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. Last Updated: 07/27/2016

Soccer Awash in Match-Fixing Scandals

Corruption scandals are nothing new in Russian football, but this season the allegations of match fixing have been flying thick and fast.

And the season isn't over yet.

Champions CSKA Moscow lost 2-0 in Samara on Wednesday, leaving them just three points ahead of Spartak Moscow with two games left to play. An exciting end to the season seems guaranteed.

But for some football watchers the reality is far murkier. Komsomolskaya Pravda, the nation's bestselling newspaper, reported one current theory on Thursday -- that CSKA had thrown the game against Krylya Sovietov in an attempt to deflect the allegations of dirty dealing that have dogged the army side all season.

Another tabloid, Tvoi Den, reported that Krylya Sovietov had been "stimulated" to win by the promise of $1 million from CSKA's bitter rival, Spartak.

"There have never been so many protests from the clubs," said Andrei Malosolov, spokesman for the Russian Football Union. Malosolov admitted that match fixing does happen in professional football, but said that most of the claims were unfounded.

"The situation has devolved into paranoia," he said.

Blaming poor results on corrupt referees and dishonest opponents is hardly unique to Russia, but the situation here is different in that nearly everyone in the game admits that Russian football has a match-fixing problem -- although the clubs firmly deny any wrongdoing.

Igor Shevchenko, chief analyst for Shans bookmakers, has estimated that there has been one fixed match in every round of the second half of this season.

Bookies regularly receive tips from players who know when the fix is in, said Oleg Zhuravsky, acting director of the National Bookmakers Association. No one is paid for the information, he added.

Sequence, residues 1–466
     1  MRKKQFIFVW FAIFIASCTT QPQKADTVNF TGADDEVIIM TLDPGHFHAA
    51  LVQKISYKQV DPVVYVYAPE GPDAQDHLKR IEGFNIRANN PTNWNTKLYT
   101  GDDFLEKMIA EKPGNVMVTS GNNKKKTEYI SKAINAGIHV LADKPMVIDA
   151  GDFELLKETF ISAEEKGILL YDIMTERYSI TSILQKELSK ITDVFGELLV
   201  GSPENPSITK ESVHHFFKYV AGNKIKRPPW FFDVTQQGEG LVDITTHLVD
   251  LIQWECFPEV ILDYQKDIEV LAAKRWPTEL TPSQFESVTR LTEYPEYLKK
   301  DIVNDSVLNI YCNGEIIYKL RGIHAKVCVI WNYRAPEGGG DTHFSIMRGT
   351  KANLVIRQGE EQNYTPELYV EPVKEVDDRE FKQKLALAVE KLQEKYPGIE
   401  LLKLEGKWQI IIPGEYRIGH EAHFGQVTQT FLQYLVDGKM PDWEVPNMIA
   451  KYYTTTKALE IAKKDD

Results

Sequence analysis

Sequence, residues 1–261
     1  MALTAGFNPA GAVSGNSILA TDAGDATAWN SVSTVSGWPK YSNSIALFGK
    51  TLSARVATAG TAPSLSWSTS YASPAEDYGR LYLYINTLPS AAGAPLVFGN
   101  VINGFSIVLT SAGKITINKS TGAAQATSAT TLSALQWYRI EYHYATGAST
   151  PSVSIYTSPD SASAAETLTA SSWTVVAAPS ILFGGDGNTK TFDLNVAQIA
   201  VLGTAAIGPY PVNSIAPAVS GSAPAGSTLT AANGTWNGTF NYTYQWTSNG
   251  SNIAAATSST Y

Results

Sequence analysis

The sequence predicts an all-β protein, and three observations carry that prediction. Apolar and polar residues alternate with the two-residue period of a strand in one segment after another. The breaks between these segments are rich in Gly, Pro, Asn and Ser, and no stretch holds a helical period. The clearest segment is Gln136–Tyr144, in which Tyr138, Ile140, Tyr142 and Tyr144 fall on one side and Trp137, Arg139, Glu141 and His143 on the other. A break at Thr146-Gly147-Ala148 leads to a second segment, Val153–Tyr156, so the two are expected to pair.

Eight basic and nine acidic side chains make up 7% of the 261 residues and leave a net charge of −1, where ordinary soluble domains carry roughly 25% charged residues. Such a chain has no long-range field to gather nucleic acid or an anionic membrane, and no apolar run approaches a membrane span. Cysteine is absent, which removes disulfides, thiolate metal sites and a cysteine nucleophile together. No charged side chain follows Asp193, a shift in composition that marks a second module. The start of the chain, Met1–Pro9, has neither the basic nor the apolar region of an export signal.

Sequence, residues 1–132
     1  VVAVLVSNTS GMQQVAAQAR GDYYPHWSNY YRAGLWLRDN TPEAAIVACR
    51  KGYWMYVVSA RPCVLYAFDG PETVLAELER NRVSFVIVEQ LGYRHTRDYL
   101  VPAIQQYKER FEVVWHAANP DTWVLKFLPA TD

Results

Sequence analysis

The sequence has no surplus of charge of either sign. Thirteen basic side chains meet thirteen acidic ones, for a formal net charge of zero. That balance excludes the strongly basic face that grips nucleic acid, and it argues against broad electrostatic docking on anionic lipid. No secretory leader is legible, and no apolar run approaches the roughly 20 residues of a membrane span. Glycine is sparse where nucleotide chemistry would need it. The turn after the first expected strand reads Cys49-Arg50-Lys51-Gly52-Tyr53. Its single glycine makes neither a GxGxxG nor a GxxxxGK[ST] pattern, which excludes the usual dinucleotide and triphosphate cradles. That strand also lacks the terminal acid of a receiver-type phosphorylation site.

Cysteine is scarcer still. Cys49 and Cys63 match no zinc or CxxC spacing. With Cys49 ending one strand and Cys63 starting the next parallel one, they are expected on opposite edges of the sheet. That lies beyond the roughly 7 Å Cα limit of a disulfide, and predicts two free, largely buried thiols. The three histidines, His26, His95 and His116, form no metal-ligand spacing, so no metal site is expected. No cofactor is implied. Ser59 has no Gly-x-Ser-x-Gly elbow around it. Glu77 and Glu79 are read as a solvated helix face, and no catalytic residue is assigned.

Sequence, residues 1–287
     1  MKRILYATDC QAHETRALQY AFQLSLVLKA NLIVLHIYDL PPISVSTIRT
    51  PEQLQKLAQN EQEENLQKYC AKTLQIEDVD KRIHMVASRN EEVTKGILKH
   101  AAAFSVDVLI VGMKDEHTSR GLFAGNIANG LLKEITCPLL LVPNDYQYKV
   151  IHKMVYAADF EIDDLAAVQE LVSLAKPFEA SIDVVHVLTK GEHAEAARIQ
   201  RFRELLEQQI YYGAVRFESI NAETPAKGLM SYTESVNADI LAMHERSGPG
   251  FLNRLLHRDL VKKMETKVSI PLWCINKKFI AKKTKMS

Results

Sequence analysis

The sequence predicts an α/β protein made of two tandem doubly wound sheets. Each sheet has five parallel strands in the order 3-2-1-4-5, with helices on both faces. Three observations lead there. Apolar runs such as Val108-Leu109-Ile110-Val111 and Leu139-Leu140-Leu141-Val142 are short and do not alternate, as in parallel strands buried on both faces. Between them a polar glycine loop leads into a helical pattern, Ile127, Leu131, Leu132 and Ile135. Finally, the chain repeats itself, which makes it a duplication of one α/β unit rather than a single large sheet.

Last month, Spartak Nalchik president Andzur Belimgotov said the club had received "calls from various 'top offices' at a number of federal institutions requesting 'assistance' in throwing a game to one of the Moscow clubs."

Belimgotov said he had rejected the request. He said some of his players had also been approached.

When bookmakers sense that the fix is in, the odds for the winning team drop and no bets over 500 rubles ($18.72) are accepted.

"Take the Rostov-Luch match," Shevchenko said of one of last Wednesday's games. The odds on Rostov were reduced to between 1 and 15, but people kept betting on Rostov all the same.

During the season, teams play one another twice. Shevchenko speculated that Rostov and Luch had agreed to split the 6 points available from their head-to-head encounters -- a classic Soviet-era scheme.

"What a farce!" the Sport Express newspaper opined last month after Krilya Sovietov beat Tomsk 2-1. It suggested that the teams had stopped trying after the third goal was scored. The reaction was much the same when Tomsk lost 2-1 to Luch.

The 2-1 score line is regarded as the most popular for fixed games, because it looks less suspicious than 1-0, said Boris Bogdanov, a senior football writer at Sport Express.

Most suspect matches do not involve the top teams, but the most controversial figure in the league is CSKA president Yevgeny Giner.